Storms, Armyworms and Biden’s Faux Pas: Saturday Asia Briefing

Something for the weekend.

(Bloomberg) — It was a week to forget in China, starting with data showing the worst export decline since February 2020 and ending with the economy falling into deflation. To add to the misery, there’s an invasion of pesky plant pests.

Recent storms have caused the migration of insects and the spread of disease among key crops including rice, of which China is the world’s biggest producer of the grain. Invaders include the dreaded fall armyworm, the planthopper and the leaf roller. The United Nations says the growing threat of the pests is a result of climate change.

Despite the risks to agriculture, China reported a decline in consumer and producer prices, sending a chilling signal on the strength of the economy and to the struggling stock market. Slumping imports emphasized the battle the government faces in trying to restore confidence and reignite domestic demand.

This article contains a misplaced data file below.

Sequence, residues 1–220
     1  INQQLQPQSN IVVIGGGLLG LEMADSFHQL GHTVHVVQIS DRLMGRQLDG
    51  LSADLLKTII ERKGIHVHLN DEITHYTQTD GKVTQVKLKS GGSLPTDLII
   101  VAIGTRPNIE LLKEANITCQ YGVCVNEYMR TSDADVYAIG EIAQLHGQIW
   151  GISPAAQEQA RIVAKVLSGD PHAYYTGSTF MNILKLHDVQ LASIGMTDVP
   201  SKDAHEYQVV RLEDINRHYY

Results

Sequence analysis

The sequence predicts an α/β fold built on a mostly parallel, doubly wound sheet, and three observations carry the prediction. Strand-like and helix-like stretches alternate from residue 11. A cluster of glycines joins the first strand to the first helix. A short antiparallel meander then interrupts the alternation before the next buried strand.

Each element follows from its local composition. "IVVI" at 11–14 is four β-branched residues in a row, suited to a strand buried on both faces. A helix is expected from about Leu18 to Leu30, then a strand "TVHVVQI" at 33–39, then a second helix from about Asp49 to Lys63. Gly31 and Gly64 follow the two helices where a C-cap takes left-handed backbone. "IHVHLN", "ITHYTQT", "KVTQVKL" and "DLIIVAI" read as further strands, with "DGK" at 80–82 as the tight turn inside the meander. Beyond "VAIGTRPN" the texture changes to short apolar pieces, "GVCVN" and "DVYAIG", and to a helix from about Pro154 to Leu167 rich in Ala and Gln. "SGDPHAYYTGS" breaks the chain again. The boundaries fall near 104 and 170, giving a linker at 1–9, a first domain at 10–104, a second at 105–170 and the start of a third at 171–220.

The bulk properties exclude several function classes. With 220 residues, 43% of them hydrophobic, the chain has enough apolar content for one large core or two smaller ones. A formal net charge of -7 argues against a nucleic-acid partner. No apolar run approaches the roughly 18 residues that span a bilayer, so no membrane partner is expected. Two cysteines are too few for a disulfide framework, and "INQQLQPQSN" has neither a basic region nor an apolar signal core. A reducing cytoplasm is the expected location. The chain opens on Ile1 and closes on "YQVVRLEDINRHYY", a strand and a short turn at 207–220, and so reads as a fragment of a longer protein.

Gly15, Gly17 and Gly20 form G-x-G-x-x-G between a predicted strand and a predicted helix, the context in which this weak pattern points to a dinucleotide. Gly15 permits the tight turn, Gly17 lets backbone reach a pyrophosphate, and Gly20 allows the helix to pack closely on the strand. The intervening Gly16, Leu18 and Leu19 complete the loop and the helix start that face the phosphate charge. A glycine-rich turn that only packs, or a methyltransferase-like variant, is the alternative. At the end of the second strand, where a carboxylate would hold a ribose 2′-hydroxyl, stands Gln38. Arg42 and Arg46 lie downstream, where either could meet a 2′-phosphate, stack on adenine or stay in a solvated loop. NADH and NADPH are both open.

To add insult to injury, President Joe Biden criticized the US’s biggest economic rival, saying China had problems and “when bad folks have problems, they do bad things.” Biden cited inaccurate facts and figures to prove his point, which Washington officials scrambled to justify and untangle a day later.

Hong Kong too did a bit of walking back, cutting its growth forecast for this year because of a “difficult global economic environment.’’  The city said it would look to inbound tourism to boost the economy. That comes as the number of visitors from mainland China, the city’s biggest market for tourists, dropped in June.

And Australia became the region’s last team standing in the women’s football World Cup after Japan lost in the quarterfinals to Sweden on Friday. The Matildas need to beat France to get into the semis where they will play against either England or Colombia.

Have a waltzing weekend.

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